Percodan’s key ingredient is oxycodone, the highly addictive narcotic that is also in the prescription drugs OxyContin and Percocet. However, Percodan also contains aspirin, and it may be sold under the name of Endodan. Recognized as a Schedule II controlled substance in the United States, Percodan has the potential for both psychological and physiological dependence and is thus often seen in patients who are admitted to drug treatment centers. Street names for Percodan include Oxy, Killer, Percs, O’s, Oxycotton and Oxycoffin.
What is Percodan Prescribed to Treat?
Percodan can be highly effective when it comes to the treatment of moderate or severe pain, so it is often prescribed to cancer patients, people who are suffering from severe injuries, or those who are healing after extensive surgery.
How do People Abuse Percodan?
Percodan can be swallowed in its tablet form, but when used recreationally it will often be chewed, snorted or injected so that it produces a more intense feeling of euphoria at a faster rate. Users who chew, snort or inject Percodan are at a higher risk of dying from an accidental overdose.
What Happens to the Mind and Body after Percodan?
Oxycodone (the key ingredient in Percodan) works in a similar way to morphine. By stimulating the central nervous system?s opioid receptors, it decreases pain and pain sensitivity while producing a euphoric high in the user. However, negative side effects can occur, including fainting or dizziness due to a drop in blood pressure, poor coordination and motor control, slurred speech, sweating and confusion. In addition, the aspirin component of Percodan can cause gastric problems, increased bruising and a risk of excessive bleeding.
Once the pleasant feelings associated with Percodan begin to wear off, users typically feel depressed and tired.
What are the Facts about Percodan Addiction?
It is extremely easy to become hooked on Percodan because the key ingredient (oxycodone) is highly addictive. People who take Percodan can become dependent in a matter of weeks, requiring a higher intake of the drug in order to experience the feelings of euphoria and relaxation that make the drug see, so pleasant at first. Further, the withdrawal symptoms caused by stopping Percodan can be so difficult to endure that even users who are aware they have a substance abuse problem can find it impossible to stop using the drug outside of the context of a drug treatment center.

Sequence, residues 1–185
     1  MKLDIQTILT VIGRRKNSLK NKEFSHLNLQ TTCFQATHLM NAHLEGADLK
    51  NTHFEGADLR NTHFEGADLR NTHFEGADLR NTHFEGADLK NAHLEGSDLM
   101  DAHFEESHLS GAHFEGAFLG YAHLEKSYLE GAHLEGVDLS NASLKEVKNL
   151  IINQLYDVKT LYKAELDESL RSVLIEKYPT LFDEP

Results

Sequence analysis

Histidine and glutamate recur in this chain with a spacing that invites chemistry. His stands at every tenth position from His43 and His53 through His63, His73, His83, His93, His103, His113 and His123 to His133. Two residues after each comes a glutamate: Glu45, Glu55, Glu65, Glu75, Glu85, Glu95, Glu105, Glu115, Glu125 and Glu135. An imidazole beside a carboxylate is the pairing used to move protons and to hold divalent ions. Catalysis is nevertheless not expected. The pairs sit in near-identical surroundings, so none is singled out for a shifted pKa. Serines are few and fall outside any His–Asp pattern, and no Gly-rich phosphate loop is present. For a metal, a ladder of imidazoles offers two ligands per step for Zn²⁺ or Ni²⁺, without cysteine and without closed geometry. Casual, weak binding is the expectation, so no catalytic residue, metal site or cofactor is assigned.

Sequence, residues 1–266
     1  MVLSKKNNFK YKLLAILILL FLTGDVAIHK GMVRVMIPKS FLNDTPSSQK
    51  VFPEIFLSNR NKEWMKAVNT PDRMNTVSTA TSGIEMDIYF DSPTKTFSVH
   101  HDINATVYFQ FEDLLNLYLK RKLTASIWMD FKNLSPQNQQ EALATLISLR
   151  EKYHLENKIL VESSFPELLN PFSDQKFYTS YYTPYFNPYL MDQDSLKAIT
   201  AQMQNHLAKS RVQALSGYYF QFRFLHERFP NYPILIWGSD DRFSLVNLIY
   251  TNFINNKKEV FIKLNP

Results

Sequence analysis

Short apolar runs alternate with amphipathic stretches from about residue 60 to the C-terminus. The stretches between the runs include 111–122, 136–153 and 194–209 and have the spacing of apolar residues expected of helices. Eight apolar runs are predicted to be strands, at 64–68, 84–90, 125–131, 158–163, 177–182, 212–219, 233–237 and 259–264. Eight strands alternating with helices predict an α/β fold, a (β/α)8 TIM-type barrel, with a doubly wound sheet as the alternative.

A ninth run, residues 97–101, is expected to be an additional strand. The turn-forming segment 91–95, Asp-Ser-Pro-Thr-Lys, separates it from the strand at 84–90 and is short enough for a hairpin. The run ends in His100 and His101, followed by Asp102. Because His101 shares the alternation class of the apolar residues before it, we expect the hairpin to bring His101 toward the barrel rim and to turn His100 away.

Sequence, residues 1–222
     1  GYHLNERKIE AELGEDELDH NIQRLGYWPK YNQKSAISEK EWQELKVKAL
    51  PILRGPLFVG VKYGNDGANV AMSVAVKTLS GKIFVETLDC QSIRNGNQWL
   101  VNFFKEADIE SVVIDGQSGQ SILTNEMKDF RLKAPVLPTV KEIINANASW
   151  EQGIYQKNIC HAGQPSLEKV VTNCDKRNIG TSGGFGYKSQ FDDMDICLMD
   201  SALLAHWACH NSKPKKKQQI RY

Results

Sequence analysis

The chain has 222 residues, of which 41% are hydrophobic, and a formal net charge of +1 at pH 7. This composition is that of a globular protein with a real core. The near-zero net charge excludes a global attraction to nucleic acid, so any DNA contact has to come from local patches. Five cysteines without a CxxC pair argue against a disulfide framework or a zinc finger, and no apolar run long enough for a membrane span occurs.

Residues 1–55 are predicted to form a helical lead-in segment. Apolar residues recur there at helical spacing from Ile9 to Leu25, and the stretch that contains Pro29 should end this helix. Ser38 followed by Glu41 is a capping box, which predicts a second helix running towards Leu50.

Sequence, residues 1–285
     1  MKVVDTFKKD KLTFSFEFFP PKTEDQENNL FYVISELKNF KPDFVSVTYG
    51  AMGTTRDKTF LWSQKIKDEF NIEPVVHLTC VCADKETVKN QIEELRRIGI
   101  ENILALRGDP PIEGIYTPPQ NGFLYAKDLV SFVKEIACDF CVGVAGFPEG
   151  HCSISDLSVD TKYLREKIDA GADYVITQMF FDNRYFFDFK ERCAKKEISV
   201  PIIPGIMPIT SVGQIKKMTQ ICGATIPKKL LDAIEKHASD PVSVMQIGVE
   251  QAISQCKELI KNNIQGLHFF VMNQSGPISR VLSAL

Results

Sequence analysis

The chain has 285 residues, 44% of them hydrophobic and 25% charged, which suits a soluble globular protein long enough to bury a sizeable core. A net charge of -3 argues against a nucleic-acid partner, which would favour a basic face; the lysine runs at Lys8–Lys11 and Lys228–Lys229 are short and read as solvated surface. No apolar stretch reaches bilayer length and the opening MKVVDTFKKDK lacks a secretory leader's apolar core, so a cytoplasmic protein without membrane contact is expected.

Why is Percodan Abuse Dangerous?
Firstly, there are some significant concerns associated with the aspirin component of Percodan. Since it is an anti-inflammatory drug, it increases prothrombin time, which means that it stops the blood from clotting as effectively. As a result of this change, excessive bleeding can result during or after surgery, or if the user is involved in a serious accident.
Secondly, the oxycodone in Percodan presents a host of dangers. Those who abuse Percodan often end up with broken or damaged relationships and career difficulties, as oxycodone reduces their motivation levels and makes them appear to be living in a world of their own. Mental health also suffers, as Percodan can create symptoms similar to those experienced by paranoid schizophrenics (such as frightening delusions). In some cases, Percodan abuse can even be fatal. Overdosing on the drug causes slow and shallow breathing, coma, and may eventually result in the user?s death.
What Treatment is Available for Percodan Users?
No one should try to go through Percodan withdrawal alone. The success rate is low, and withdrawal can be fatal if not administered as part of inpatient medical detox. The most common withdrawal symptoms include anxiety, panic attacks, sleep problems, muscle pains and fever. At White Sands alcohol and drug treatment center, we have extensive experience in managing these uncomfortable symptoms and in providing highly effective therapy that can help to prevent future relapses.
Do you need treatment for Percodan addiction? Call us now on 877-855-3470 to learn more about why White Sands is the ideal place for treatment and rehabilitation.